Blueberries, and berries in general, are among foods labeled as “diabetes superfoods” by the American Association of Diabetes.
Food science researchers at the University of Illinois have found that fermenting berries may improve their antidiabetic potential even more.
Recent research at the U of I includes the development of an alcohol-free blueberry-blackberry “wine” that those suffering from diabetes — who typically must avoid alcohol — can enjoy, while potentially reducing the effects of Type 2 diabetes.
“There are 100 million people around the world who have diabetes and that is increasing, without counting the ones who may be pre-diabetic and not know it.”
Previous research has shown that dietary blueberries may play a role in reducing hyperglycemia in obese mice.
Therefore researchers wanted to determine if a fermented, dealcoholized blueberry-blackberry beverage would enhance the potential of the phenolic compounds in the berries that are responsible for reducing diabetic markers.
A new study shows that the fermented berry beverage did reduce the development of obesity and blood glucose levels in mice on a high-fat diet.
The researchers had already determined that the berries, when fermented at low temperatures, resulted in an improved and higher concentration of anthocyanins.
Anthocyanins, found in the pigments of fruits such as blueberries, grapes, and apples, have been shown to promote insulin sensitivity, decrease blood glucose levels in the blood, and enhance insulin secretion.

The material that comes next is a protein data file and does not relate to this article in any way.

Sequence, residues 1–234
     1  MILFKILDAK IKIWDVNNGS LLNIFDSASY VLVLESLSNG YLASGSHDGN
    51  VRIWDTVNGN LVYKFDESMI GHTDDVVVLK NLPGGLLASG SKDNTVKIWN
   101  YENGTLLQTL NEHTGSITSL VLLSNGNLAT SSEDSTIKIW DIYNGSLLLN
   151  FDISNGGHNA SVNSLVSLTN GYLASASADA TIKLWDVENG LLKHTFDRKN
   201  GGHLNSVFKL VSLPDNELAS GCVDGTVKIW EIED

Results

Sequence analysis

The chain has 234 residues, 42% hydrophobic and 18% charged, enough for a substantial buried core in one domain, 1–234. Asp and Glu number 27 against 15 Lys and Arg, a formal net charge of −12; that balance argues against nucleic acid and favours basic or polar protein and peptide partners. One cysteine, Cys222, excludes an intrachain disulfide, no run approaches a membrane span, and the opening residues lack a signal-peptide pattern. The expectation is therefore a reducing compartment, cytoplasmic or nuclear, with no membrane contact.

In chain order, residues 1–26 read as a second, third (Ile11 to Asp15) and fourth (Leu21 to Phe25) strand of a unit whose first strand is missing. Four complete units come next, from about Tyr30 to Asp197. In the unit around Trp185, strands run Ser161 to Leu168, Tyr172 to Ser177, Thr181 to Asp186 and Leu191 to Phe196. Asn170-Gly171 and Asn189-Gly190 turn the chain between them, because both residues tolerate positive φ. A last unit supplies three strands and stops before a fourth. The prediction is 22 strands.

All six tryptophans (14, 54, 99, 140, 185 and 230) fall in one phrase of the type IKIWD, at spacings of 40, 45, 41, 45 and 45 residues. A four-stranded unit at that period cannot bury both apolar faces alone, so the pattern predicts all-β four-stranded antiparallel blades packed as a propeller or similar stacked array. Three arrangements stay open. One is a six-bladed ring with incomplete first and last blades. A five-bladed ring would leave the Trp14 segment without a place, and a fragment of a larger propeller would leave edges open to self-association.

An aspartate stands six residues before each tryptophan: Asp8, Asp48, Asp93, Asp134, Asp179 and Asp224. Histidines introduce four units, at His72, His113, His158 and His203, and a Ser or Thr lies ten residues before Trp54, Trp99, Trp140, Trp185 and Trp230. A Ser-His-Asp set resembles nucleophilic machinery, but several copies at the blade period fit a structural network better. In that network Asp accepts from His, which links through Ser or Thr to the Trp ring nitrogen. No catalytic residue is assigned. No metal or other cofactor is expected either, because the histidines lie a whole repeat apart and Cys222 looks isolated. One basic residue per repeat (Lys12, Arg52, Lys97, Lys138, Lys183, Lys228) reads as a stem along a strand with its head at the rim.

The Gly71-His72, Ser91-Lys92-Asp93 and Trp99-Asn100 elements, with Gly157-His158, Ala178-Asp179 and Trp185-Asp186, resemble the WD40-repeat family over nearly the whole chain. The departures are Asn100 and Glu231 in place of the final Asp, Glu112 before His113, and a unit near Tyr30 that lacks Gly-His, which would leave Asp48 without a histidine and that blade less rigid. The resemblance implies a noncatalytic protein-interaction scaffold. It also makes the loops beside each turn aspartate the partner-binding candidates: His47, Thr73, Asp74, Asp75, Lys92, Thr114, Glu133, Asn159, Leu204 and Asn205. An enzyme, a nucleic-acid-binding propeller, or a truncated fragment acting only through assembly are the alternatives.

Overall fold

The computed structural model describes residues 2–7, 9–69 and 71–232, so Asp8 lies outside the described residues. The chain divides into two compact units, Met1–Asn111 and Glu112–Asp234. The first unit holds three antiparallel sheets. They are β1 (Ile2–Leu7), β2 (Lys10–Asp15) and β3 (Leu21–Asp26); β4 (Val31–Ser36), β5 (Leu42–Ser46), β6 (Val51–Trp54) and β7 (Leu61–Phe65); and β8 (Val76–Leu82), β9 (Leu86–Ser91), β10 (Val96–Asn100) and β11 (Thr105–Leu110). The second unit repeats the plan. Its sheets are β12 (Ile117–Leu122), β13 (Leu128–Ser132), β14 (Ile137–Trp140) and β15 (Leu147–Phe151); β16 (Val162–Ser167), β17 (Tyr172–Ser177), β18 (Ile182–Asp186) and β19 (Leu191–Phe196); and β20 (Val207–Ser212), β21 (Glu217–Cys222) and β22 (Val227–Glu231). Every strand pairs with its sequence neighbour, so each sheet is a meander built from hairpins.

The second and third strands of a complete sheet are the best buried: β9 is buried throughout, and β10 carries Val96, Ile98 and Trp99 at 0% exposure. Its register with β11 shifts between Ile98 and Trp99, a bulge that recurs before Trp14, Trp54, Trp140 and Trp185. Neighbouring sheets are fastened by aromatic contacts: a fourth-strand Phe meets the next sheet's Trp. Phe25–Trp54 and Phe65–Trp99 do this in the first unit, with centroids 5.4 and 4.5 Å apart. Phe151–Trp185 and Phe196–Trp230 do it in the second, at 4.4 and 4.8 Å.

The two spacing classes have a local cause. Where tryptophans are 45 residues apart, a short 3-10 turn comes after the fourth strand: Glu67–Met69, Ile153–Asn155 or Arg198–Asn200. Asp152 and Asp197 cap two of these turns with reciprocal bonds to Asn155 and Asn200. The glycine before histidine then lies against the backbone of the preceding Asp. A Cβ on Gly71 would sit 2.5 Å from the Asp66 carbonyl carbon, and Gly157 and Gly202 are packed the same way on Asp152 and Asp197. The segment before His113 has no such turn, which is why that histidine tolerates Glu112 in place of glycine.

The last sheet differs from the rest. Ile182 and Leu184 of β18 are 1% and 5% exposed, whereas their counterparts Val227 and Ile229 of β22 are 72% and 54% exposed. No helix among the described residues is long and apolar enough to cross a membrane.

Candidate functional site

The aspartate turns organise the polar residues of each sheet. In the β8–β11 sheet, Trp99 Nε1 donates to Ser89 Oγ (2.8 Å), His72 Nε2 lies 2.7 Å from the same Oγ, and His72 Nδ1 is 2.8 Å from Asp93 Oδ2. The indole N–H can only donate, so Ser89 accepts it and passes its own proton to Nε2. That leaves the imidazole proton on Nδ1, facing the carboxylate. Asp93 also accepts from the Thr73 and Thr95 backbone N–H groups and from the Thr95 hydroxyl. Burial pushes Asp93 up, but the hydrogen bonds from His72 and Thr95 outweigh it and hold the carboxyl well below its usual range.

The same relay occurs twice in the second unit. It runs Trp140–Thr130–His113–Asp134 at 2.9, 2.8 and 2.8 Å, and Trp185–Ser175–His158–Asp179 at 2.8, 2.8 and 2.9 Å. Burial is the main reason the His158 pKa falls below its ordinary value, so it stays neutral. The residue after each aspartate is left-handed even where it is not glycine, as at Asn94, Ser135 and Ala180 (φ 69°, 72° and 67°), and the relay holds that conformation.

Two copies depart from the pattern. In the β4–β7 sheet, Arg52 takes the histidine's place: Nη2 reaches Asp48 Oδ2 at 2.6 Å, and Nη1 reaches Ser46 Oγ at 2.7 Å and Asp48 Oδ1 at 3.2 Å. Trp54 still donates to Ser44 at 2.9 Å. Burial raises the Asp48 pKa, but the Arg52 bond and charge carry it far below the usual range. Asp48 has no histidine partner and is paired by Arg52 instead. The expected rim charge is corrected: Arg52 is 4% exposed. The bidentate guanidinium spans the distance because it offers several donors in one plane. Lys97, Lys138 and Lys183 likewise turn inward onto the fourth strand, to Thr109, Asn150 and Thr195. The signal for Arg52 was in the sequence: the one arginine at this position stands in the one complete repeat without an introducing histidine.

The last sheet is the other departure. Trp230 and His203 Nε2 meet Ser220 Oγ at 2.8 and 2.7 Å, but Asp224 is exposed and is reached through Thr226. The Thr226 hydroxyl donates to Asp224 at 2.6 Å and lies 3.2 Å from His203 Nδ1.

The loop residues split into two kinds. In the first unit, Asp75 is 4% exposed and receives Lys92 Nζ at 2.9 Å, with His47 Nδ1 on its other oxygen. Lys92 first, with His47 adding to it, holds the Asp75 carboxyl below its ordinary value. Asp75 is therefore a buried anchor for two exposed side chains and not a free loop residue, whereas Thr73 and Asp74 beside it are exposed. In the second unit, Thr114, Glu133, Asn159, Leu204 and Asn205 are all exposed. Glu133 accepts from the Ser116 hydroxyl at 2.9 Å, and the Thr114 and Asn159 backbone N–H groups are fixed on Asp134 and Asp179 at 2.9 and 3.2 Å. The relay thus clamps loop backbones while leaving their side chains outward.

A previous cell culture study with the alcohol-free blueberry-blackberry wine, showed good results toward inhibiting enzymes related to glucose absorption.
The beverage included a ratio of 70 percent fermented blackberries to 30 percent fermented blueberries.
The berries were collected from varieties grown at U of I’s Dixon Springs Agricultural Research Station in southern Illinois.
Alcohol was removed from the beverage by rotoevaporation and was replaced with water. Some of the sugars left over after fermentation were also removed in the process.
During the study, groups of mice with diet-induced obesity and hyperglycemia were given the fermented berry beverage or the beverage with higher or lower enriched concentrations of the anthocyanins.
While benefits were seen in all groups drinking the fermented beverage, de Mejia says the group on the highest concentration of anthocyanins (2x) showed the greatest results.
This included no increase in body weight, which de Mejia says was a surprise.
The researchers also observed that glucose was deposited into tissue more than absorbed by and present in the blood, as well.
They also saw an effect on oxidative stress in the obese mice.
Regarding the mechanism of action in reducing the diabetic effects, de Mejia says that the antioxidant power of the anthocyanins plays a very important role.
Producing this berry wine, complete with the benefits of fermentation but without the alcohol, provides an opportunity for wine makers, de Mejia says.